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Managing Principals by Julia Kramer Sit. Stay. Listen.

Stay out of the doghouse. Learn to listen, and watch your career advance.

By  Julia Kramer

Convincing others of the power of great listening skills sometimes seems as futile as teaching a dead dog new tricks. Listening may top the list of must-have skills, but many people just don’t get it. Without effective listening skills, it is very difficult to function in an environment that relies on relationships and communication as a primary means of achieving goals. This is especially true if you’re a top dog.

A lack of mature interpersonal skills may be apparent one-on-one, but it’s really exaggerated in a group setting. Meetings bring out competitiveness in most of us, and our interpersonal acumen scale drops to zero. We want attention, we want to influence others, we want to get our fair share, and we want to make sure the group arrives at what we see as the best solution. Many of us forget, in our haste to be heard, to listen to others. We miss a critical part of the equation.

When we don’t listen, we operate at a handicap because we remain ignorant of available, and important, information. Many fake it. They nod rhythmically when someone else is speaking, take voluminous notes or toss out a one-word bone or two, such as “exactly!” to give the perception of actually listening.

To these tricksters, I say: Sit. Stay. Listen. Sit because quality listening takes focus, time and attention. Stay because you must quiet your mind and allow yourself to stay in the moment. And then listen! Really listen.

So what do I mean by “really listen”? First, know that it’s not a trick and it’s not easy to learn. Successful listening deeply taxes your abilities of concentration, self-containment, data synthesis, open-mindedness and consideration. The following tips, if practiced, should help you become a more effective listener.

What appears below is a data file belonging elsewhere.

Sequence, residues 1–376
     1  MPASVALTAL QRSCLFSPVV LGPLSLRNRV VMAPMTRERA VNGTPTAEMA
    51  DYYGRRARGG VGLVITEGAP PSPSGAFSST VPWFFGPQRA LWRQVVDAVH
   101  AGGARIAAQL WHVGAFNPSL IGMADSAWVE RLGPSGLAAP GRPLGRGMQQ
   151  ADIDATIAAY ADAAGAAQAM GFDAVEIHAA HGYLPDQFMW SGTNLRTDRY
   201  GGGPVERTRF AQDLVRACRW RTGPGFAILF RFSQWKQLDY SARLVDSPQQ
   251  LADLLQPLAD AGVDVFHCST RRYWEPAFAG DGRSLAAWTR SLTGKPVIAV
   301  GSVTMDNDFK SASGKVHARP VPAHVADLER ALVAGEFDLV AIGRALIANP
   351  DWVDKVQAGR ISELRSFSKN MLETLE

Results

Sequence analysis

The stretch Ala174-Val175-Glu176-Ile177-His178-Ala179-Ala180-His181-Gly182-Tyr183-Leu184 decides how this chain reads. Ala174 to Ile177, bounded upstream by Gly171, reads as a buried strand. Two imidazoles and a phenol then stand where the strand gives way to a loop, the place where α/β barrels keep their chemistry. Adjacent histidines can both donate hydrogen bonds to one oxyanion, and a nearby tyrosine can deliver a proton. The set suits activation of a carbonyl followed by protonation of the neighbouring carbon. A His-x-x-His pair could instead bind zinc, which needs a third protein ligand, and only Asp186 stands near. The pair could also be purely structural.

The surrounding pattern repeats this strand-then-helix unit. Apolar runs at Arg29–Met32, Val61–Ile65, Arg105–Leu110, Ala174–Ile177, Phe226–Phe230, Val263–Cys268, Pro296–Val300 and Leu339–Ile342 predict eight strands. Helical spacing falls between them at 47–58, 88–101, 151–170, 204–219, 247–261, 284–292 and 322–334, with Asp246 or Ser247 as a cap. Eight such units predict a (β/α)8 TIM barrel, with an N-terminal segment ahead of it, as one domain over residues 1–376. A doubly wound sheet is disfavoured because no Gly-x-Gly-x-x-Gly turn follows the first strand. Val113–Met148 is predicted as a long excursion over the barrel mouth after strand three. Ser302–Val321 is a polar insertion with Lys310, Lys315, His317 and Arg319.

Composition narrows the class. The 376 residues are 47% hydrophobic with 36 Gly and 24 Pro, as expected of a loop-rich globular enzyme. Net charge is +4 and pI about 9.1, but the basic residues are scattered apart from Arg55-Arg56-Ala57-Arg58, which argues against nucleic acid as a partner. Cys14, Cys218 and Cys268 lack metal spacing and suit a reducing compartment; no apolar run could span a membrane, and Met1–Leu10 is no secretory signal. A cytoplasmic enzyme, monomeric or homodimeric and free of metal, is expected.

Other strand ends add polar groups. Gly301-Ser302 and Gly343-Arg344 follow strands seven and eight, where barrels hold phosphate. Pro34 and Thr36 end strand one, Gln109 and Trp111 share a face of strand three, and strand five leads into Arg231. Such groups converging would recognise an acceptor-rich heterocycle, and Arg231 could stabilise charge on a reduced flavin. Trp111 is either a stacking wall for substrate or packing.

Prepare yourself. Identify what arguments or positions are coming your way, rather than focusing on your stance and your rebuttal. Remind yourself to be open-minded, to hear everything being said, and to pull what is useful from other’s positions. Then try to dovetail it into something that you both can live with. Very important: leave personal and inappropriate agendas at the door.

Be present. Before the meeting, turn off your BlackBerry and cell phone and make sure your staff knows you should not be interrupted unless there is an emergency. During the meeting, focus on the discussion. Don’t allow your mind to wander. Synthesize the information that is being presented. Take pertinent notes but not to the exclusion of being present in the discussion. Be a good citizen and let the speaker know you are listening through eye contact and body language. If you find your mind wandering, tell yourself “stay” and re-engage.

Share the floor. That everyone participates and no one dominates should go without saying. If you are caught up in constant power-positioning, you can’t effectively listen, understand and process what others are saying. Ditto for talking over someone else who has the floor or “thinking over” someone else. Thinking over someone means, for example, planning your counterattack while you should be really listening to whoever is speaking. Not only do you appear distracted, you’ll weaken your position because you won’t have all the data available.

Silence does not mean you’re listening. When I’m speaking, I know that silence can mean you’re ignoring what I have to say and mentally making your grocery list, that you are hatching a devious plan to stab me in the back, or that you’re asleep with your eyes open. But, more realistically (I hope), I also know that silence could mean that you are listening and agreeing with me, actively processing the information that I’m delivering, developing new ideas based on the new information, or offering support by not interrupting me.

Speaking does not mean you’ve listened. For the most listening-challenged of us, the simple act of listening without speaking makes us feel like a balloon about to burst. Those who get over-stimulated by active listening tend to interrupt, create arguments to relieve the urgency to speak, interject inappropriately, have sidebar discussions, make jokes and/or create distractions. If you are a hyper listener, be introspective about your need to over-participate. Whether it’s impatience, fear that you won’t get a turn, or the need to think aloud, these qualities hinder your ability to be fully present in the discussion.

Listening is all bite and no bark, by virtue of the fact that it’s an internal exercise. Many discount it for that reason and prefer to develop the skills that are more overtly demonstrable. But don’t underestimate the power of listening. Skilled listeners frequently are the ones first asked to take the floor or to lead the pack. They have the ability to forge the strongest relationships and can build trust like nobody’s business. Don’t be a dead dog; learn new skills and reap the rewards for doing so. It’s not easy, but it’s pretty simple: Sit, stay and listen.

Kramer, is The Council’s senior vice president, Office of the President
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